Who remembers the speech George W. Bush made during the early days of his presidency, promising to eradicate the 'axis of evil'? This axis consisted of Iraq, Iran and North Korea. Mr. Bush's administration succeeded in toppling Saddam Hussein in 2003 and thereby eliminated one country from that former axis. Yet due to the controversy the invasion caused, the former president was stopped in his tracks.

During the Obama years, there was little noise from him about North Korea. But he also negotiated the Iranian Agreement in 2015, which only delayed, rather than prohibited, Iran from acquiring nuclear weapons.

During his campaign trail to the White House, Donald Trump consistently slammed the Iranian Agreement, and it is understandable why.

'Iran remains a serious obstacle to peace.'

Iran remains a serious obstacle to peace in the Middle East. Once a powerful ally of America's, the 1979 Revolution dramatically altered the political balance of power in this part of the world. The current regime has declared its intentions to destroy Israel. They continue to influence events in Iraq and Yemen. And despite pledging their support for the Obama deal in 2015, it is no secret they still want nuclear weapons.

In more recent developments, President Trump has warned Tehran that there will be 'new and serious consequences' unless all unjustly imprisoned U.S.

citizens are released. What could this statement possibly mean? As the President's tough words and actions against Iran are buried by the 'spicy' scandal of Trump's former press secretary resigning, more light deserves to be shed on his persistent efforts against the Iranians.

The two citizens the U.S. president wants to be returned home are Robert Levinson, an American former law enforcement officer who disappeared more than 10 years ago, and businessman Simak Namazi, 46, and his father, Baquer, 80.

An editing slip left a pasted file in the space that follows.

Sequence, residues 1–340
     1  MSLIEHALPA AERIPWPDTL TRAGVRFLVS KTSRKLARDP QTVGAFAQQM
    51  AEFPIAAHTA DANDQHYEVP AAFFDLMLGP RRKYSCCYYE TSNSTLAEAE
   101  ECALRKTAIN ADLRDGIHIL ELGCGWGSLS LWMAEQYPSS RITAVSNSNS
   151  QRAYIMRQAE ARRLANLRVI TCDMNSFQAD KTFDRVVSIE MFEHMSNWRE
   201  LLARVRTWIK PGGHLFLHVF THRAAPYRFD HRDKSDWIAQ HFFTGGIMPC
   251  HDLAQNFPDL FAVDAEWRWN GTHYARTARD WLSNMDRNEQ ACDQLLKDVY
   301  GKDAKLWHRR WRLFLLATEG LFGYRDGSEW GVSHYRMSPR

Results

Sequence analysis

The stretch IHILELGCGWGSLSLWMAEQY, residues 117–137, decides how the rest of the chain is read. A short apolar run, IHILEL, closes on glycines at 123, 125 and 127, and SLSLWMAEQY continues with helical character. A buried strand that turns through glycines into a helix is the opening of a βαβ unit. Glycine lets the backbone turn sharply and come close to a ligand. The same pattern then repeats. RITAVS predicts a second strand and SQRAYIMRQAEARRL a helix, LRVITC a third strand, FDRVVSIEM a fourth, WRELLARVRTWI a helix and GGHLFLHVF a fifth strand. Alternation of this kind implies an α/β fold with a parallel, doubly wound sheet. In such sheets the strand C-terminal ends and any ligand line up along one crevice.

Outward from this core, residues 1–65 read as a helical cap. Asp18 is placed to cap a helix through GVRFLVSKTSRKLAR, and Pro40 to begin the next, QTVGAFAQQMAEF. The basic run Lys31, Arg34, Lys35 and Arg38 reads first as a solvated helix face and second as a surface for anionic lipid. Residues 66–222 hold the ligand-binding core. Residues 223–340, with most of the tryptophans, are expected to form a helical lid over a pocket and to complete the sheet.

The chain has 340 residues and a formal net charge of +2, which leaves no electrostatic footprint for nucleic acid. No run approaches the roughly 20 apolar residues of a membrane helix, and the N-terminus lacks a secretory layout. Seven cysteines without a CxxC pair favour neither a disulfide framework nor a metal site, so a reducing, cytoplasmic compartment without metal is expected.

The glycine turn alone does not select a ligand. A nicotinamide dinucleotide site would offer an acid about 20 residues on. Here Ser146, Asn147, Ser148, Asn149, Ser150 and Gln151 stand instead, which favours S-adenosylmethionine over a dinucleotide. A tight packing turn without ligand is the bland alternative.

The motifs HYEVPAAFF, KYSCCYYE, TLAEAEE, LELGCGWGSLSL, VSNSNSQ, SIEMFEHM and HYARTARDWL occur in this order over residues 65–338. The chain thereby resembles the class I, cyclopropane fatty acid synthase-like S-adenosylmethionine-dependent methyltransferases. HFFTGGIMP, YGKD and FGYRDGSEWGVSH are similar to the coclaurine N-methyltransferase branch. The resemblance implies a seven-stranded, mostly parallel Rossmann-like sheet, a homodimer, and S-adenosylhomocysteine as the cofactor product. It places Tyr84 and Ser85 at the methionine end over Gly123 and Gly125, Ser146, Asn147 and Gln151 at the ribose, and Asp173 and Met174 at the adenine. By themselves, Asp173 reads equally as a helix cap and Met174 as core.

Mr. Levinson disappeared in 2007. Mr. Namazi and his father were sentenced for spying on an Iranian provincial governor.

'Iran, like North Korea, has been a menace.'

On Tuesday, Washington imposed fresh economic sanctions on Iran over its ballistic missile program. The problem with the mainstream media, though, is that they fail to report on these positive moves the president is making in international relations, or it fails to make headline news.

Iran, like North Korea, has been a menace to global peace for too long, and it is refreshing to witness an American president finally taking action against these two rogue states.

This is why President Trump's foreign policy is merely a continuation of George W. Bush's in many respects. Yet the latter was adamant that conflict was the answer to removing these tyrannical regimes from the 'axis of evil.' Washington is attempting to persuade Russia and China to support its proposals regarding fresh sanctions against North Korea, which could topple their dictatorship without the need for war. And with the current president imposing harsher sanctions on Iran than his predecessor did, if President Trump can exterminate these two rogue states without the need for war, he will go down as one of the most successful presidents in recent history.